A January 3, 1905, editorial in the Arkansas Gazette exemplified the ambiguity in the approach to lynching. The Gazette praised Simmons for having “zealously worked up the case against the Allwhites” but then ridiculed him for his lack of foresight in the face of potential mob violence. The unsigned editorial countered claims that lynching constitutes “a salutary institution because of the power of an example as a deterrent influence” by asserting that “the best and most effective deterrent from crime is competent and remorseless courts.” However, the editorial closed by noting that the text of Newton Allwhite’s confession “is enough to make the lynching spirit burn hot in the blood of even a law-abiding people.”
Despite the fact that the mob marched without disguise in the light of the afternoon through town and down a public highway, and that its members were “generally known,” the coroner’s jury investigating the lynching concluded that Allwhite’s death was carried out by people unknown. A January 5, 1905, editorial in the Gazette remarked upon this news thusly: “Why should there be talk about the decline of humor? It isn’t on decline at Newport!”
The following month, Newton Allwhite pleaded guilty to second-degree murder (after being originally indicted for first-degree murder) in Jackson County Circuit Court and was sentenced to twenty-one years in the state penitentiary. At the end of February 1905, Rachel Kinkannon’s body was discovered in the White River five miles below Newport, having been preserved by the cold waters. The newspaper also reported that the Newport Relief Society had sent James Kinkannon to his “old home in Indiana.”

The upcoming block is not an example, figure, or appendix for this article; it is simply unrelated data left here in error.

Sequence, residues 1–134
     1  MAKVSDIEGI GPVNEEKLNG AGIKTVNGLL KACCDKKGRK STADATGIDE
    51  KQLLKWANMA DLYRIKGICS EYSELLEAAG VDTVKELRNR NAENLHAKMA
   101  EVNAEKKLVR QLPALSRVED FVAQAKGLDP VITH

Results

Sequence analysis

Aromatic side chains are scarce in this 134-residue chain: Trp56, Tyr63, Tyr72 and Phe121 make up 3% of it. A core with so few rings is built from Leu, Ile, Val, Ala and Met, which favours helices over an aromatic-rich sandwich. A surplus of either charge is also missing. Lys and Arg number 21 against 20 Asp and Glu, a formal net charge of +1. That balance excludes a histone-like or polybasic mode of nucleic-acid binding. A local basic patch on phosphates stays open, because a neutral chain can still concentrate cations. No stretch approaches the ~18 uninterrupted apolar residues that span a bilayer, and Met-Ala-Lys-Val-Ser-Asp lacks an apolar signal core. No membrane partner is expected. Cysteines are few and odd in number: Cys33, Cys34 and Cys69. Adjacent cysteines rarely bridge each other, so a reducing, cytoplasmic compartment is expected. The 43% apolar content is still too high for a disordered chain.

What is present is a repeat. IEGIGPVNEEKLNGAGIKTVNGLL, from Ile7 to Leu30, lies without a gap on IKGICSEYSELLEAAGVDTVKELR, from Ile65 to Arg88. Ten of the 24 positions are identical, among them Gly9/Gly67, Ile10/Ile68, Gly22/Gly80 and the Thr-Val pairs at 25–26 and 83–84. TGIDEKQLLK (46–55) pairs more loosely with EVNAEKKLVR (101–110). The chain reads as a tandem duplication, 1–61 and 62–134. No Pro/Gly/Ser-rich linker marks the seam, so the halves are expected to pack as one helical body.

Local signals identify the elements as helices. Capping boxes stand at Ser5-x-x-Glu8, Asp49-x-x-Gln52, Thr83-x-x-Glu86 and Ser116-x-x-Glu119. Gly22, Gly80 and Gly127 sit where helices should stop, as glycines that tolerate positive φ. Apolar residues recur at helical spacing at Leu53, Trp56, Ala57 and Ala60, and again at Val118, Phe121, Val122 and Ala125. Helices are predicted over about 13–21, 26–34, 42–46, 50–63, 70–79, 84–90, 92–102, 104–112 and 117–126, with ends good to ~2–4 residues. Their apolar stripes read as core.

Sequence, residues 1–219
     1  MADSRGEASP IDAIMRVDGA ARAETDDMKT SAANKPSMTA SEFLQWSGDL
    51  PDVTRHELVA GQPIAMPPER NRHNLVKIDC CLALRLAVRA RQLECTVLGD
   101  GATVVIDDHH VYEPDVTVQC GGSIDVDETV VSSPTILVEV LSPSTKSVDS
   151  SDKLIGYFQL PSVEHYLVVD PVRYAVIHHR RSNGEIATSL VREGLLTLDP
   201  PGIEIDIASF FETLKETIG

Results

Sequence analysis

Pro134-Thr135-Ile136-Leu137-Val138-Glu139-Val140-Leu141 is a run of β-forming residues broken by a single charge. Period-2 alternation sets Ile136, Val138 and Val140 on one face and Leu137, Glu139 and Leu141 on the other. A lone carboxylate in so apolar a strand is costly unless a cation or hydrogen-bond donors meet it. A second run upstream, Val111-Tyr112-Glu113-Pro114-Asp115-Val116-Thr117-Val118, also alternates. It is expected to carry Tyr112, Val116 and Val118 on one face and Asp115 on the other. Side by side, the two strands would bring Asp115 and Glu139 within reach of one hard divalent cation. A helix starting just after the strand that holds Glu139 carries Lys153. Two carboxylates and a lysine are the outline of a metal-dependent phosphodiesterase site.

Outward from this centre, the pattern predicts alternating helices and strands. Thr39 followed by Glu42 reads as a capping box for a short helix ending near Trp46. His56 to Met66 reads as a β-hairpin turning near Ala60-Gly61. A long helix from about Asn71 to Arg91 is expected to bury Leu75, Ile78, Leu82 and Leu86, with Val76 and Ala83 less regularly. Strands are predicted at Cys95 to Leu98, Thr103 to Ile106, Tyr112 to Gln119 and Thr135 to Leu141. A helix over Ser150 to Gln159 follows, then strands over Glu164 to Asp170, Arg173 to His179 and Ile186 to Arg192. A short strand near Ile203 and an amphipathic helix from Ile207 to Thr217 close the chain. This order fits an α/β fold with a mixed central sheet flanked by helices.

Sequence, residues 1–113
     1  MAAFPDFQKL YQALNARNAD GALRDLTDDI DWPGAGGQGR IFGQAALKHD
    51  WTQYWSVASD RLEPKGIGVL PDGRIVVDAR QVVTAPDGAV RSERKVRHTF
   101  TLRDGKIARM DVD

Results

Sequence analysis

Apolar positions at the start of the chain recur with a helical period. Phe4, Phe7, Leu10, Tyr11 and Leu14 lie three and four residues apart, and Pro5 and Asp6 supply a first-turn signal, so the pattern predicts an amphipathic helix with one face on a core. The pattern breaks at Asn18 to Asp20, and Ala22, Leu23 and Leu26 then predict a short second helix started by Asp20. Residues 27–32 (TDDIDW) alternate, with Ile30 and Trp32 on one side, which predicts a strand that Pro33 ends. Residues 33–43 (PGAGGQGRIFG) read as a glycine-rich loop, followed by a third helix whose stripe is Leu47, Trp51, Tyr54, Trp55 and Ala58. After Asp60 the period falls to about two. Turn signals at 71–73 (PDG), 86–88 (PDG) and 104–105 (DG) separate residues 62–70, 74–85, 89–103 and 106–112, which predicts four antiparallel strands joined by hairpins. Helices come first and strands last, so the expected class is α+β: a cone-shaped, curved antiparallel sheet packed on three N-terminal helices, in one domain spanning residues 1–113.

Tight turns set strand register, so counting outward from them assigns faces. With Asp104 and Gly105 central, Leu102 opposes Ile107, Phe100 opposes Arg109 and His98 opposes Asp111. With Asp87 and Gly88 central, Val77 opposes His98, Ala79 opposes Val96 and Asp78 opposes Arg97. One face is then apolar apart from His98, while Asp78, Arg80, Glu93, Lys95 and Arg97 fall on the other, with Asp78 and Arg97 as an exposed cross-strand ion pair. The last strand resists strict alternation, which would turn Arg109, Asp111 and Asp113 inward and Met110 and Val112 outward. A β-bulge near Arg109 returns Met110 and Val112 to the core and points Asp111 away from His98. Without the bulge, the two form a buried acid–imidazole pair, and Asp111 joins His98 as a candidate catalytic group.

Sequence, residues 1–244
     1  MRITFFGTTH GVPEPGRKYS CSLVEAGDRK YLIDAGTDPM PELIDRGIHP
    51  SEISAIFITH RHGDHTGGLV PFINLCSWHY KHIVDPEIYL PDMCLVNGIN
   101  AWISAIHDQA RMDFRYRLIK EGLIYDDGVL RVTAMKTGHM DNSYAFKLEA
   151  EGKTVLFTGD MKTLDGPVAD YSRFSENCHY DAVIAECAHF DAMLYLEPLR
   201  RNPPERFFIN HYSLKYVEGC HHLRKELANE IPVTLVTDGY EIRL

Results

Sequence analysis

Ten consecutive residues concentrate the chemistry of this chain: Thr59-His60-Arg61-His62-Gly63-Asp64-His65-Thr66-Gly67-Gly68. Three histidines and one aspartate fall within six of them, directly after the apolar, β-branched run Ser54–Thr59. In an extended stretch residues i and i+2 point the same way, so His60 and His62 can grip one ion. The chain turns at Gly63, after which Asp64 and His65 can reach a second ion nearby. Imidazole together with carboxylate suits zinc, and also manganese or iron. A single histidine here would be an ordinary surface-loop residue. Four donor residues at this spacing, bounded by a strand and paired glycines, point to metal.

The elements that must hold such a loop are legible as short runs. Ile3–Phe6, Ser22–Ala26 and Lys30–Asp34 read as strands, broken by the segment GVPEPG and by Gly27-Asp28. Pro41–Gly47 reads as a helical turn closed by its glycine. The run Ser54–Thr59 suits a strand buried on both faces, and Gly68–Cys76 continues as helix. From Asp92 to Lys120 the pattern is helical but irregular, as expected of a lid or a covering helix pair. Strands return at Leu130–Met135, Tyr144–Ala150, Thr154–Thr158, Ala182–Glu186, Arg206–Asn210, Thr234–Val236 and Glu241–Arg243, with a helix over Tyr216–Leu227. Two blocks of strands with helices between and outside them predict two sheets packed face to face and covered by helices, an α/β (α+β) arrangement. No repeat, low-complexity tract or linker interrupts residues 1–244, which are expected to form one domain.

For additional information:
“An Awful Deed Committed.” Arkansas Democrat, December 28, 1904, p. 7.
“Body of Woman Found in River.” Arkansas Gazette, March 1, 1905, p. 1.
“Boy Confesses.” Fort Smith Times, January 1, 1905, p. 1.
“Death at Hands of Unknown Mob.” Arkansas Gazette, January 4, 1905, p. 1.
“Efforts to Solve Murder Mystery.” Arkansas Gazette, December 30, 1904, p. 1.
“Fate of Son Whose Father Was Lynched.” Arkansas Democrat, February 5, 1905, p. 1.
“Father and Son Held for Murder.” Arkansas Gazette, December 31, 1904, p. 1.
“Mob at Newport Lynch White Man.” Arkansas Gazette, January 1, 1905, p. 1.
“Mother and Child Shot to Death.” Arkansas Gazette, December 28, 1904, p. 1.
“Murdered Woman Found in River.” Arkansas Democrat, March 2, 1905, p. 1.
“The Newport Lynching.” Arkansas Gazette, January 3, 1905, p. 4.
“Young Allwhite in for 21 Years.” Arkansas Gazette, February 4, 1905, p. 1.
Encyclopedia of Arkansas History & Culture
Last Updated: 02/19/2020